To enforce this, a type of “watchdog” authority will need to be formed to monitor all FX related trading and training companies. This authority would need to be linked directly to the regulatory body of that country so each country would have their own “watchdog” which would have the power to take action. In some countries this is already in place but South Africa still has a long way to go to catch up. It is by no means a total solution but would definitely deter most of the scam artists.
FX seminars enjoy a degree of popularity in South Africa, often attended by retail FX clients. What led to the popularity of such seminars and how can they be used to benefit the domestic FX industry?
Yes there are a fair amount of overseas so called “Gurus” who fly in and put on these huge performances flashing Ferraris and helicopters around but ultimately most of them have no substance. A lot of it is smoke and mirrors. It appeals to a large percentage of the population who are looking for a change in lifestyle or the dream of quitting their day job and lying on the beach trading.
Sadly this couldn’t be further from the truth. My experience in FX trading is that it is hard work just like any other job and participants need to educate themsslves and treat it like a bona fide business. As they say, there are no free lunches. However I do believe that seminars that speak to the people and are genuine and realistic about what can be achieved as an FX trader can benefit traders and get them on the right path to trading correctly and profitably. There is a huge demand for retail traders both local and international that want to learn how to trade its just a matter of creating realistic expectations and providing them with the correct tools and education.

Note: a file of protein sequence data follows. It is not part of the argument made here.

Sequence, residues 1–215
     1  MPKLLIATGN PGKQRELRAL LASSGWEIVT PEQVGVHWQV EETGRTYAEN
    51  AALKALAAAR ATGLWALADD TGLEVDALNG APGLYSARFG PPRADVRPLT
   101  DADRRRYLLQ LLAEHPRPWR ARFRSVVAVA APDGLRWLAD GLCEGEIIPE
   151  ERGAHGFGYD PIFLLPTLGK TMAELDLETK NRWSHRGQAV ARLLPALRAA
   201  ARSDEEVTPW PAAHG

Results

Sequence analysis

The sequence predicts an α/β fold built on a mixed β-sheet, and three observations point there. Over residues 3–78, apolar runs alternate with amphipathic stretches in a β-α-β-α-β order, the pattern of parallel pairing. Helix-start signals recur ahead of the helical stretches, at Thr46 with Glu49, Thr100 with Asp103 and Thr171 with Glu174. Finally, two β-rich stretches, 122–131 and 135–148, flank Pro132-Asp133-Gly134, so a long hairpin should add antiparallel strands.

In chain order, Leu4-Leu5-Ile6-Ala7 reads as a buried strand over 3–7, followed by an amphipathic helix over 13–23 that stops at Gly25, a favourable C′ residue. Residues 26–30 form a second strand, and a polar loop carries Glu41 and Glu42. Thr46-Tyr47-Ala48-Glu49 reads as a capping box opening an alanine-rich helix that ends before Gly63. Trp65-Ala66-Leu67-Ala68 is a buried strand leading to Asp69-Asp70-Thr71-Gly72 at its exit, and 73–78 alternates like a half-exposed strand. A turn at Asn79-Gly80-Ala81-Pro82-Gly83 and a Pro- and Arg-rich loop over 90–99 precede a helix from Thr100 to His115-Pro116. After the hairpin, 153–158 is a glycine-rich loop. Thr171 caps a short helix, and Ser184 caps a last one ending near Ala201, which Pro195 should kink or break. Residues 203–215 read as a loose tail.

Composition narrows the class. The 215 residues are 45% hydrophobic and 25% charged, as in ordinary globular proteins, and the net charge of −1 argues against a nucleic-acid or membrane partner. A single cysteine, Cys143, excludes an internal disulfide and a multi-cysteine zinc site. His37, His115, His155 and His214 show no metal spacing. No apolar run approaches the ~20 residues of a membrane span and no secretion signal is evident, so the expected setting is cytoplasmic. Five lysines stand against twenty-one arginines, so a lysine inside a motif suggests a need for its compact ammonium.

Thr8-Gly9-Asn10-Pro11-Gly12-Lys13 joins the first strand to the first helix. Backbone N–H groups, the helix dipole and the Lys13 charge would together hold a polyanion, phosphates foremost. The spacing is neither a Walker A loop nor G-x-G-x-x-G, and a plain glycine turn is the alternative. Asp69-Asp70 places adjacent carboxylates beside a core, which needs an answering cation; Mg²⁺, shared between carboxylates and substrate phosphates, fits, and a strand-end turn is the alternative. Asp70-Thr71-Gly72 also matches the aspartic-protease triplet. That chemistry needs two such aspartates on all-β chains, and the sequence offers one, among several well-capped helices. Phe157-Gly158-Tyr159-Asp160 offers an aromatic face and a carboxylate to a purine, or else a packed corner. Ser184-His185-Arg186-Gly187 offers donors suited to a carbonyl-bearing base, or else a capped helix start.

What is your view on the increasing cold shoulder which MetaQuotes is giving to third party software providers? Do you think MetaQuotes will become very strong in offering their own internal versions of solutions provided by third party developers, or do you think FX firms will move away from MetaTrader 4 in favor of open, customizable platforms?
My View is that MetaQuotes are shooting themselves in the foot if they alienate themselves from third party providers. It is in their own best interest to nurture these relations and to sort out any issues that may arise. If MetaQuotes continue down this path FX firms have no other choice but to produce their own systems and customizable platforms. Alternatively a platform like cTrader will gain more popularity and will be integrated into more brokers and their systems.
What is your view on the provision of fully customizable solutions to brokers who are new to the market? Do you think the ability to customize a solution to suit a specific niche gives new brokers a means of providing a USP that their competitors may not have, or do you think it is better for a new broker to take an off-the-shelf solution and keep their costs down and therefore, outsource all support to the solution provider, yet be an also-ran in terms of product positioning?